DAVID CAMERON: We will give the British people a referendum with a very simple in-or-out choice – to stay in the European Union on these new terms or to come out all together. It will be an in-out referendum. It is time for the British people to have their say. It is time for us to settle this question about Britain and Europe.

SMITH: And it worked. For years, it worked. The conservatives stopped bickering so much, and Cameron got to stay prime minister, stay the head of his party. The conservatives won re-election. Everything was going according to plan, except for that little promise – the promise of a vote. Eventually, he was going to have to have that referendum, and Tim Harford says he thought he had a shot.

HARFORD: Our prime minister, David Cameron, likes to gamble because that’s backfired for him now.

GOLDSTEIN: Of course, this morning, David Cameron announced that he would resign later this year.


CAMERON: I do not think it will be right for me to try to be the captain that steers our country to its next destination.

GOLDSTEIN: They do love a naval metaphor.

SMITH: What happened to going down with the ship?

GOLDSTEIN: Too far (laughter).

HARFORD: I mean, this is – this is the biggest humiliation for any British prime minister probably since the Suez crisis of the 1950s. I mean, this is a – this is big. And David Cameron has been prime minister since 2010. He’s been prime minister a long time, and he will be remembered for this and probably nothing else. And he’s got to live with that. He made the decision. He threw the dice. And he likes to gamble, but sometimes you don’t win.

SMITH: What was this vote really about?

HARFORD: I think it’s hard to say what it’s really about because the different campaigns were making very different arguments. And even the leave campaign was actually acrimoniously split down the middle – a bunch of people being pretty xenophobic and saying this is all about controlling immigration and a bunch of other people saying this is all about freeing ourselves from Brussels regulation, European Union regulation and embracing global free trade. So the – I mean, these people are not in a situation to form a government together because this is a very, very different message coming.

GOLDSTEIN: They’re almost opposite, right? One is saying like, oh, like, free trade, which typically goes with free movement of workers, which is just a variant of free trade. The other one is saying no, shut it down. That’s kind of the opposite.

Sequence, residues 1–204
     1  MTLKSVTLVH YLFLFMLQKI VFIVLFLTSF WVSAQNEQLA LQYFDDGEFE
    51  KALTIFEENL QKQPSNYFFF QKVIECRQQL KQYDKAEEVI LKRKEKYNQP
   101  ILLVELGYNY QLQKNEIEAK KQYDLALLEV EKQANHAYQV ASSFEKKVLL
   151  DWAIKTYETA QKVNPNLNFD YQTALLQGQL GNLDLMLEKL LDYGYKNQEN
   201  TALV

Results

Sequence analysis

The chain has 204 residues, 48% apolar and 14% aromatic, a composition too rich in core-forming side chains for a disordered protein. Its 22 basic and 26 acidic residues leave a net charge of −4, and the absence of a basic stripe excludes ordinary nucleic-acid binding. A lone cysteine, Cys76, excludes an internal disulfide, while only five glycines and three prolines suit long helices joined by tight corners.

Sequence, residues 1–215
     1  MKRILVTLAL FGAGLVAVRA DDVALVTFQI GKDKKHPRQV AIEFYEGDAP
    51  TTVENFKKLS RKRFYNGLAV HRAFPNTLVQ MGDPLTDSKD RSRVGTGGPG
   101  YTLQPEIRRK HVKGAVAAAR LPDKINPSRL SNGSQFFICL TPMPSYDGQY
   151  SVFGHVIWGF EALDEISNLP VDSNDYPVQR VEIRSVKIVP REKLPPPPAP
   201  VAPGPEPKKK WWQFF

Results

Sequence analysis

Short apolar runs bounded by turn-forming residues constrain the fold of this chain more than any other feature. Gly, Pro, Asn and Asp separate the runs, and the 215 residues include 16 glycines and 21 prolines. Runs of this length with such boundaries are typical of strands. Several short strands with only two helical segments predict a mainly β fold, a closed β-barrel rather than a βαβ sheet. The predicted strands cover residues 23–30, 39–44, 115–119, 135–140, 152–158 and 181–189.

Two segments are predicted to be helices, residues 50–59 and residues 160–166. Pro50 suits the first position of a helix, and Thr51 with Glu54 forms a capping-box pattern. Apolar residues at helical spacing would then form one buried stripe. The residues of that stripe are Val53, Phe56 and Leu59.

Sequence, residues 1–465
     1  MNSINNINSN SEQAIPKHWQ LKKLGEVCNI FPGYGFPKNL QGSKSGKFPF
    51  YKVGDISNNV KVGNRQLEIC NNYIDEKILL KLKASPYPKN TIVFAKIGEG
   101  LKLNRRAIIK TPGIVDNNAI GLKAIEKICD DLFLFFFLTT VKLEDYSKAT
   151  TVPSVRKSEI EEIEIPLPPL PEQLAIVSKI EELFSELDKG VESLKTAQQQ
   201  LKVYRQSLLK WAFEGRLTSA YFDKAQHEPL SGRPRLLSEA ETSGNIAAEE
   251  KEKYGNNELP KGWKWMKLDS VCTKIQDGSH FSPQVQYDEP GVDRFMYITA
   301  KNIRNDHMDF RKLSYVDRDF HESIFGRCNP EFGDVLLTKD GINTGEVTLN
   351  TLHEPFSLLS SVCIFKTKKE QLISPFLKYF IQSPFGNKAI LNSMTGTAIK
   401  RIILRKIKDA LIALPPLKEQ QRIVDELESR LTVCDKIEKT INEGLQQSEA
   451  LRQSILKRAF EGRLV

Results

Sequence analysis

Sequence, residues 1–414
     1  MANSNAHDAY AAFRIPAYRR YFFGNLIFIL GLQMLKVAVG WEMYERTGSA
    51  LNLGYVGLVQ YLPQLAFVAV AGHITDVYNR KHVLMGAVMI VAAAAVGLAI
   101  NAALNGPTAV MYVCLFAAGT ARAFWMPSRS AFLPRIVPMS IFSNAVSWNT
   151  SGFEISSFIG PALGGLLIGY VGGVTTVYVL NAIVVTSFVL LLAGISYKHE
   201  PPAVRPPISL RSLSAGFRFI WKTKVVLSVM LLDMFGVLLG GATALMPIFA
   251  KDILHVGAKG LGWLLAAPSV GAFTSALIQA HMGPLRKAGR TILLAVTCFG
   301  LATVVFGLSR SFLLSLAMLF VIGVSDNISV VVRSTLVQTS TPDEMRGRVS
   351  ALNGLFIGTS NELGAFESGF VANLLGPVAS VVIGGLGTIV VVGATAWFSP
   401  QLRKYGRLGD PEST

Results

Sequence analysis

HARFORD: Yeah, yeah. But – it is, but I think the thing is the European Union has come to stand for all kinds of things, rightly or wrongly. It’s come to stand for big government. It’s come to stand for regulation and interference. And we don’t get to make up our own mind. It’s come to stand for an influx of people, and we can’t control that. And I mean, the European Union maybe deserves the blame for some of that, but not for all of it. But because different people blame the European Union for different things and have a different view about what actually is the problem, if there is a problem, that – different people have voted to leave for very different reasons. And that makes this moment very uncertain because it’s not clear who is now going to gain the upper hand and what they will actually want to do.

SMITH: Has there been a moment when you were frustrated with the EU, when you were, like – I don’t know – reading a package of cheese or something and are just like – look at all – look at all the stuff in it. Contents – cheese. Or you know, that you’ve just raged against something that made your life seem bureaucratic and petty.

HARFORD: No, not really because a lot of this is entirely fictional. And we complain about European Union regulations. There’s a great meme going around about how European Union cabbage regulations are 26,000 words long.

SMITH: The regulations for cabbage.

HARFORD: It’s entirely made up. It doesn’t exist.

SMITH: I heard that they worried the EU regulations were going to slow down your tea time by making the teakettle a lower wattage and that the toasters wouldn’t toast as well.

HARFORD: I didn’t look at that one in detail. I seem to remember that it was rather overblown. That’s certainly not something that I’m concerned about. And it’s certainly not something I’m willing to leave the European Union over.

GOLDSTEIN: So you – where you live? Oxford Town or you live in some shire or something? Where do you live?

HARFORD: You could just call it Oxford if you like. It’s twee enough. You know, I pass J.R.R. Tolkien’s house every morning when I take my kids to school.

GOLDSTEIN: No, no, should…

HARFORD: So, you know, that should be plenty twee enough for you guys.